5. Not Grimsky says:

    A person that meets and overcome a severe challenge will have grown a big set of b8lls. But these b8lls, can not and will not perform correctly in all arenas.

    Just like in the ghetto. The attitudes that allows to survive in the ghetto are same ones that kill your chances to perform outside of the ghetto. Many of you look at this thru political partisan eyes. Look at it as a fish out of its comfortable waters.

    A politician will shake hands and kiss babies because that is his thing. A self made men will likely take bs from no one, but like Trump and NATO or Gianforte and a reporter. Is the wrong thing at the wrong time. A reporter ask questions, because that is his job to question the powers that be. A politician accepts and deals with it (Clinton badly), someone that is not used to being challenge does not.

    I think we as a society are reaching our fill of self-made, MBA types businessmen that become politicians. Just look at W.Bush & Trump nationally, and locally Corzine.

    My prediction. Whether left or right. The next one up the pike will have more in common with Huey Long than with a businessman.

    Huey Pierce Long Jr. (August 30, 1893 – September 10, 1935), self-nicknamed The Kingfish, was an American politician who served as the 40th governor of Louisiana from 1928 to 1932 and as a member of the United States Senate from 1932 until his death by assassination in 1935. A Democrat, he was an outspoken populist who denounced the wealthy and the banks and called for a “Share Our Wealth” program. As the political leader of the state, he commanded wide networks of supporters and was willing to take forceful action. He established the long-term political prominence of the Long family.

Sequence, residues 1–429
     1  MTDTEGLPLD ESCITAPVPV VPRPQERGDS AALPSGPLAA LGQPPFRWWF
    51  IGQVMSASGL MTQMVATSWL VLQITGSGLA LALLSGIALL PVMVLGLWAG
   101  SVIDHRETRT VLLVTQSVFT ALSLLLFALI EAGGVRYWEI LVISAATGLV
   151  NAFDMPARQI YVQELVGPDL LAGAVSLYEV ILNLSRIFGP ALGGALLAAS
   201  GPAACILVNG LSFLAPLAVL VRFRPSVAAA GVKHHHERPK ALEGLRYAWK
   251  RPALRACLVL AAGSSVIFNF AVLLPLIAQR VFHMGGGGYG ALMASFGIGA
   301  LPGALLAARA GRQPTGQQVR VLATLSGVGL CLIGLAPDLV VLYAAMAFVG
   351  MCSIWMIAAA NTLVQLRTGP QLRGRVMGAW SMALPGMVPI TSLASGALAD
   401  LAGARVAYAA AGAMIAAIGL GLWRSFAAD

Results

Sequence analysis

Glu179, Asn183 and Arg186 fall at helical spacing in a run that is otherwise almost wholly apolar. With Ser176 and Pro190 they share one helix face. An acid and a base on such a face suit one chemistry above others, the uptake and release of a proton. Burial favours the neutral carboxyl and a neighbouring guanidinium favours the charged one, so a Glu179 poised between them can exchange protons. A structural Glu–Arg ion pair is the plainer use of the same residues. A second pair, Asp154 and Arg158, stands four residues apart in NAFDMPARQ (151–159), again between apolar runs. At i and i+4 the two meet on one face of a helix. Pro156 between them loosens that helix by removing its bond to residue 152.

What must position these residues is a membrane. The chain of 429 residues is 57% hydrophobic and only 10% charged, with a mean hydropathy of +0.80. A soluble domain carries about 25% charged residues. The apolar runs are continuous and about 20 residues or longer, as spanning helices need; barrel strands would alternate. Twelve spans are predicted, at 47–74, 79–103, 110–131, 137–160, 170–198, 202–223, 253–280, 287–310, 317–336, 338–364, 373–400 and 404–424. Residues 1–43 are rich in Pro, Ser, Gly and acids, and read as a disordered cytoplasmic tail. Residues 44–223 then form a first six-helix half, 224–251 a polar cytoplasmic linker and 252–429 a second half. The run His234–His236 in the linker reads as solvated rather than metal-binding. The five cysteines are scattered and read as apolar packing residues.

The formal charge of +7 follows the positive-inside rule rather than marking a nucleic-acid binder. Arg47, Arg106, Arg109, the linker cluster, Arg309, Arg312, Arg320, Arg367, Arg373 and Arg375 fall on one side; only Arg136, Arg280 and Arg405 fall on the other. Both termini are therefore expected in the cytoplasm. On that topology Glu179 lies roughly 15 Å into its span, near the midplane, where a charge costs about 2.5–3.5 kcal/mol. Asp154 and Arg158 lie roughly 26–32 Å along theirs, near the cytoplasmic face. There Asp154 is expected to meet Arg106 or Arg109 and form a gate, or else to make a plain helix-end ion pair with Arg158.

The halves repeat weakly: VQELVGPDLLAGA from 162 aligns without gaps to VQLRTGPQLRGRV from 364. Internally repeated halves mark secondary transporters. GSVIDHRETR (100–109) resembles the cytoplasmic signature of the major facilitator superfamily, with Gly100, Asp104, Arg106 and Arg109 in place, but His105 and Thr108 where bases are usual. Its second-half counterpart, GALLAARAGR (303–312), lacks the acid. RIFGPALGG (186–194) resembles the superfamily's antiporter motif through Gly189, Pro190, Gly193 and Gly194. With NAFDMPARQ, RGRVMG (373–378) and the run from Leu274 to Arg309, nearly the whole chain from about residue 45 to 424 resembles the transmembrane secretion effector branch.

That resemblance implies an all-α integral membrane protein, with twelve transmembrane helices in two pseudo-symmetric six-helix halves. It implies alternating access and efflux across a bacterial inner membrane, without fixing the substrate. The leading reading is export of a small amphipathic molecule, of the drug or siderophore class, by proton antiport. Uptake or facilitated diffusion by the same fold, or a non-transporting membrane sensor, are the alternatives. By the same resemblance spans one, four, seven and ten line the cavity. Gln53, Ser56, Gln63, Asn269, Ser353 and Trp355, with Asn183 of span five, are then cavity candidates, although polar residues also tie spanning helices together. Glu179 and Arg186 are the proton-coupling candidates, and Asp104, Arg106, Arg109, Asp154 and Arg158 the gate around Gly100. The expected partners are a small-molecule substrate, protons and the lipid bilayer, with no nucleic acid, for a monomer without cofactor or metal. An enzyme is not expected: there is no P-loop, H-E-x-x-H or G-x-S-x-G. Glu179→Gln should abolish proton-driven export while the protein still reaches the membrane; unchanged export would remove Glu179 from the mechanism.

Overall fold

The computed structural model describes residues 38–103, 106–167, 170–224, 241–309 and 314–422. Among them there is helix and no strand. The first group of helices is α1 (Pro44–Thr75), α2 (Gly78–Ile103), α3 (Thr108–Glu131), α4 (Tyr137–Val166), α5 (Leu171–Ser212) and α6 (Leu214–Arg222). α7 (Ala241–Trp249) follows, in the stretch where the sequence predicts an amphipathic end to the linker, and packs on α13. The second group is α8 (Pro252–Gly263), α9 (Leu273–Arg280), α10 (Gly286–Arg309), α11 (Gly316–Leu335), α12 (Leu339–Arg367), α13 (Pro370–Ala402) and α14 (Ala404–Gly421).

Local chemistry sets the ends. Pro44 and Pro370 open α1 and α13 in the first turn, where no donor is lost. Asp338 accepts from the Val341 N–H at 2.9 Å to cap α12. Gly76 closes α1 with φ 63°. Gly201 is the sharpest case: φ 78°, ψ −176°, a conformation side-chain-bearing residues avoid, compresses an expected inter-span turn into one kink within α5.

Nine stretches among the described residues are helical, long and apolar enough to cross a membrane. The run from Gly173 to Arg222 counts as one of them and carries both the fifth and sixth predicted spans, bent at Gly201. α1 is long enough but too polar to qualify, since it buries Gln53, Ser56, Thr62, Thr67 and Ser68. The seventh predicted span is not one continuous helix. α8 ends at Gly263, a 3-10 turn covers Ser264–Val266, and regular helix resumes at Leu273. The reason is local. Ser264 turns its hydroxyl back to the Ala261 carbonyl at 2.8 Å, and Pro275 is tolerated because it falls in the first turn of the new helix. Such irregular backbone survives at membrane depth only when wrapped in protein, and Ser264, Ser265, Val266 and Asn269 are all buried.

Long’s Share Our Wealth plan was established in 1934 under the motto “Every Man a King,” also the title of his autobiography. It proposed new wealth redistribution measures in the form of a net asset tax on corporations and individuals to curb the poverty and homelessness endemic nationwide during the Great Depression. To stimulate the economy, Long advocated federal spending on public works, schools and colleges, and old age pensions. He was an ardent critic of the policies of the Federal Reserve System.

    A supporter of Franklin D. Roosevelt in the 1932 presidential election, Long split with Roosevelt in June 1933 to plan his own presidential bid for 1936 in alliance with the influential Catholic priest and radio commentator Charles Coughlin. Long was assassinated in 1935, and his national movement soon faded, but his legacy continued in Louisiana through his wife, Senator Rose McConnell Long; his son, Senator Russell B. Long, and his brothers, Earl Kemp Long and George S. Long, as well as several other more distant relatives.[1]

    Under Long’s leadership, hospitals and educational institutions were expanded, a system of charity hospitals was set up that provided health care for the poor, massive highway construction and free bridges brought an end to rural isolation, and free textbooks were provided for schoolchildren. He remains a controversial figure in Louisiana history, with critics and supporters debating whether or not he could have potentially become a dictator or was a demagogue.[2]